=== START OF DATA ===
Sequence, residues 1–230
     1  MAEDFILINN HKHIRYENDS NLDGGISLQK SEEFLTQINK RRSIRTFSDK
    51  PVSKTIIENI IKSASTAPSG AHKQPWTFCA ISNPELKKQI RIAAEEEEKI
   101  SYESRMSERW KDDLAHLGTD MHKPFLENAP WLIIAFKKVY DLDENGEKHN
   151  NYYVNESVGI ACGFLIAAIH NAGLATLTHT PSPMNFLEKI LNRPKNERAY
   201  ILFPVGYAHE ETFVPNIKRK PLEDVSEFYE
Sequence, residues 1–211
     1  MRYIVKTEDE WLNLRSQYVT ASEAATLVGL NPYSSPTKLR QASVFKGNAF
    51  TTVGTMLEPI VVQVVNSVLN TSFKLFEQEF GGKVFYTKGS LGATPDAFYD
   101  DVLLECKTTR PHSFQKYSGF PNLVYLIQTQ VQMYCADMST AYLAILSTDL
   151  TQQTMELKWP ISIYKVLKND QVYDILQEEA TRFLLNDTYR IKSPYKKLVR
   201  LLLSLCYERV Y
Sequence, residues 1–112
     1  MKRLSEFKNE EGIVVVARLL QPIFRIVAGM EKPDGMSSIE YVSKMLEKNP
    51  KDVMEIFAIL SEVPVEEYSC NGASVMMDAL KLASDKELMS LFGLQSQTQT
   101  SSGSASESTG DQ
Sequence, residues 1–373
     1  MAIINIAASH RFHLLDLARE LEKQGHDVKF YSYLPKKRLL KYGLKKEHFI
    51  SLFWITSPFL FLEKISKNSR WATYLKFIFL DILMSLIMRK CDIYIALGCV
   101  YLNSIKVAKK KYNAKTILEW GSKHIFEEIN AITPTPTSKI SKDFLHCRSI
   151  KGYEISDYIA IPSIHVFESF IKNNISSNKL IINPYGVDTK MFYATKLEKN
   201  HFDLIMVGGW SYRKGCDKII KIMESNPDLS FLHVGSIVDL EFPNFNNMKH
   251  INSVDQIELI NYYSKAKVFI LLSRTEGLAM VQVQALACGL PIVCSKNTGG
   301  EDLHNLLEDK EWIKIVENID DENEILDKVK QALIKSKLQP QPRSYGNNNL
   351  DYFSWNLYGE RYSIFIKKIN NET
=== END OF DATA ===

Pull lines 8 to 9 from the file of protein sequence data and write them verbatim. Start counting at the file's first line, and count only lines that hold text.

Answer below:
     1  MRYIVKTEDE WLNLRSQYVT ASEAATLVGL NPYSSPTKLR QASVFKGNAF
    51  TTVGTMLEPI VVQVVNSVLN TSFKLFEQEF GGKVFYTKGS LGATPDAFYD